We also operate as a production company, making films for lots of companies. I’m working on a series of films for the University of Sheffield now, working with another partner company, and making films for clients like Taco Bell, the Sheffield City Council, and many others.

So, at the heart of it all, this Network still does what it is supposed to do, but we have seen aspects expand and expand!

CNI: Why did you choose Sheffield as the home of this network, and what does Yorkshire offer to a budding filmmaker? Have you ever considered branching out to other UK locations?

RS: I went to University here and it made sense to stay here after this company, the SYFN, came out of the establishment of another production company that I helped form (Sort of…Films Ltd). Basically, I started working on projects straight after I finished my PhD, and had a lot to do – I sort of have never stopped. I did work on some no/low budget stuff while actually working on the doctorate too, which helped me cut my teeth.
They used to say Yorkshire was an “up and coming” area for filmmaking in the UK/Europe, but it has gone beyond that now. I think Yorkshire is a fantastic varied place for locations, has some extremely talented crew, support organisations like Screen Yorkshire, a Creative England office, and ourselves. Plus Bradford – the UNESCO City of Film – is here, fantastic venues like the National Media Museum, the Showroom Cinema, and more. It’s one hell of a place for festivals too: Sheffield Doc/Fest, Aesthetica SFF, Leeds IFF, Celluloid Screams Horror Fest. There are places like the Peak District and Yorkshire Dales that are right here – amazing shooting locations.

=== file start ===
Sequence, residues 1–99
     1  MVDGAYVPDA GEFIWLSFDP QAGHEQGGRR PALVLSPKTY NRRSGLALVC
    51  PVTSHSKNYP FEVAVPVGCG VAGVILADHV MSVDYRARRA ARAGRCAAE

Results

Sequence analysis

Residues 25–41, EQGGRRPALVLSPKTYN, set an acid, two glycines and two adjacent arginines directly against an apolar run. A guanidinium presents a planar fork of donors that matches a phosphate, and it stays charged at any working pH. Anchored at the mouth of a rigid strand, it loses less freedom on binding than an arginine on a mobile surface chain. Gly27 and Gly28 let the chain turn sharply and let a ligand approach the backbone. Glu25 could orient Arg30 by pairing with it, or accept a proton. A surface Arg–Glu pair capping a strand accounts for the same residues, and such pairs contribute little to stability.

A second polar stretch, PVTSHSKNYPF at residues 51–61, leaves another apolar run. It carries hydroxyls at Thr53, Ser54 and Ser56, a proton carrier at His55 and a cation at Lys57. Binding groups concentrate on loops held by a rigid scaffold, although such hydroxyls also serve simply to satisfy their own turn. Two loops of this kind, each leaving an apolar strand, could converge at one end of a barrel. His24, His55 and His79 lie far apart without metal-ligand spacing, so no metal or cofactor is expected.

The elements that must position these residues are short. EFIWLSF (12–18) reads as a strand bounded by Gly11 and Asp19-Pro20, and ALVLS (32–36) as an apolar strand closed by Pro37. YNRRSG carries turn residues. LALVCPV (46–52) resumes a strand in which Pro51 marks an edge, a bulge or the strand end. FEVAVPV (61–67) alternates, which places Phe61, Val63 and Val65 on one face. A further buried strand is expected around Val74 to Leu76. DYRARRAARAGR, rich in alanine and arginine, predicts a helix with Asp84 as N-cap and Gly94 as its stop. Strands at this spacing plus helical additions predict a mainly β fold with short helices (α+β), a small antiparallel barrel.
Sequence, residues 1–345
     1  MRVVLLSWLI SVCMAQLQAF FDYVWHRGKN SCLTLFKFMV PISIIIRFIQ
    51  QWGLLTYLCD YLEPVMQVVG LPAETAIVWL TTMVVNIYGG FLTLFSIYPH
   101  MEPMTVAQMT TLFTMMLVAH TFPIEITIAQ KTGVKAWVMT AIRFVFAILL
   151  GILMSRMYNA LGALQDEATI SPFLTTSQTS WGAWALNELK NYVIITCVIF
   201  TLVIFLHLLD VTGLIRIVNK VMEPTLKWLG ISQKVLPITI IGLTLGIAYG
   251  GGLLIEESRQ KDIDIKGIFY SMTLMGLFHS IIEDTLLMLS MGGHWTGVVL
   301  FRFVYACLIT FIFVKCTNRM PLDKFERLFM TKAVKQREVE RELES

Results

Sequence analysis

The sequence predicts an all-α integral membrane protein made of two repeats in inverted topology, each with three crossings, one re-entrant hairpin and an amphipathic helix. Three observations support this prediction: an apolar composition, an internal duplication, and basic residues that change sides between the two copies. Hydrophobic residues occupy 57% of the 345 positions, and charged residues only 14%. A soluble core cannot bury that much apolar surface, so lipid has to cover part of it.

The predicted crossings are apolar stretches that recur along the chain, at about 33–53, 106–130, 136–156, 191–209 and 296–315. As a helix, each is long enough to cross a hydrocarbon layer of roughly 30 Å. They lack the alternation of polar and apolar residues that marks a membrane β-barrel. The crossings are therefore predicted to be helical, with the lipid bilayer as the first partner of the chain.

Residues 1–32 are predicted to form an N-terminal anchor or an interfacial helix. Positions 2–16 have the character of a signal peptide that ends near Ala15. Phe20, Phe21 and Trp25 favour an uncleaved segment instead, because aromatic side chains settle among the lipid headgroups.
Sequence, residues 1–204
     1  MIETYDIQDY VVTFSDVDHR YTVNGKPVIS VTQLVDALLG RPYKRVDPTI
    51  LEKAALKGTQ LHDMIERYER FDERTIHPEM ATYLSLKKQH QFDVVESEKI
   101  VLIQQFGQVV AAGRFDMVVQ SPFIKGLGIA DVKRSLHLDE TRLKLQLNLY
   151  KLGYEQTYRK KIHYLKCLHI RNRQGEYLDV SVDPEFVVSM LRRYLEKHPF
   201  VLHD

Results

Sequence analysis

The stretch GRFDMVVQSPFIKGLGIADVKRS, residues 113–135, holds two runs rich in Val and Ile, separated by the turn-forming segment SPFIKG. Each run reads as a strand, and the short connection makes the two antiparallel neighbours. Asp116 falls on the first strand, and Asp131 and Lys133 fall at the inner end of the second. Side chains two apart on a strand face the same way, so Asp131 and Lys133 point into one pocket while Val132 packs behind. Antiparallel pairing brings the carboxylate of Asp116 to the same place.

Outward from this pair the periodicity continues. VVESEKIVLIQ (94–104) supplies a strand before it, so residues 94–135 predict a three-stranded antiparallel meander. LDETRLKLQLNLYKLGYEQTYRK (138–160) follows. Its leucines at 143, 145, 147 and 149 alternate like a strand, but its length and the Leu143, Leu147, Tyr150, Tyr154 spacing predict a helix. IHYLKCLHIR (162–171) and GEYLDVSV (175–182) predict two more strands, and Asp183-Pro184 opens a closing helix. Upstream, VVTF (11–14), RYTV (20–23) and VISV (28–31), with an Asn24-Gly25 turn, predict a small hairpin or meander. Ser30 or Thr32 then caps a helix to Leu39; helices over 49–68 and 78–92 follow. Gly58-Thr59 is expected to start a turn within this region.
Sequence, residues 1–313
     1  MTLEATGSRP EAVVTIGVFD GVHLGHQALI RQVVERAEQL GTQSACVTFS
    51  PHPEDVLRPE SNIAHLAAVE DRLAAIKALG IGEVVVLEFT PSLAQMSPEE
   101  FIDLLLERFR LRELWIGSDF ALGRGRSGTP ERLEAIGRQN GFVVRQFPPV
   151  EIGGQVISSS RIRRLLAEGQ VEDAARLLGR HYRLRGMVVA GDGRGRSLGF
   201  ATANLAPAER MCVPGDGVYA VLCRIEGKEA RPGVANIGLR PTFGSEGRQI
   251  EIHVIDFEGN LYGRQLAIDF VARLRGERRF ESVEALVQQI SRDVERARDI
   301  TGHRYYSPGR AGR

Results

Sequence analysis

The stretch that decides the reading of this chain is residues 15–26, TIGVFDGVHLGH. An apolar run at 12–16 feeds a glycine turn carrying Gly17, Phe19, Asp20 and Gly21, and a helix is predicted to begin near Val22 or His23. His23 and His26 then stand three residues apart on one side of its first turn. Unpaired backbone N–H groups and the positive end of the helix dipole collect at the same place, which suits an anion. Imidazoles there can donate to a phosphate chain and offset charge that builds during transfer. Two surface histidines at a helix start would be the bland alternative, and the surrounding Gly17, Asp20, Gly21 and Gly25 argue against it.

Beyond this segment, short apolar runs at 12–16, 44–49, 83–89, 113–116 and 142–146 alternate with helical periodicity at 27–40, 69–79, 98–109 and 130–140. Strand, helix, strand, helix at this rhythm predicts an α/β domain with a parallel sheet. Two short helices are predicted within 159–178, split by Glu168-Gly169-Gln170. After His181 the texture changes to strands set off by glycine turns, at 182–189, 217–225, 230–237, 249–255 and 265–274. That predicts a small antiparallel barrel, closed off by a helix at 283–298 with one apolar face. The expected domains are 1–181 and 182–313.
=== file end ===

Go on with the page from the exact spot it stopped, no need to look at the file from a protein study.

You can access financial assistance from Screen Yorkshire, help and support from the SYFN. There’s a lot that a filmmaker based up in this area can get out of simply living and working here. Bigger and bigger films are also coming to the region too.

Yes, we have considered branching out into other places, but this is not something we are able to do right now with the current manpower that we have. The key thing that COULD happen is to partner with other folks that are also passionate about helping other filmmakers in other regions – and then talking to them about how we work and how we make this all operate as a full-time job, because that is what it is for me.

CNI: Have there been any particular success stories that have their roots in the SYFN that you can share with us?

We have many, but one I always think of that stands out is the story of thanks we had from an assistant editor that connected with the guys at Warp Films as a result of one of our networking events. As a result of our introduction, he got work with them on a regular basis and is now a staple freelancer on pretty much every one of their productions. He always thanks me for that every time I see him. Networking: it works!

CNI: How would you like to continue moving forward with the network in the foreseeable future and is there an ‘end game’ for your organisation, a pinnacle as such?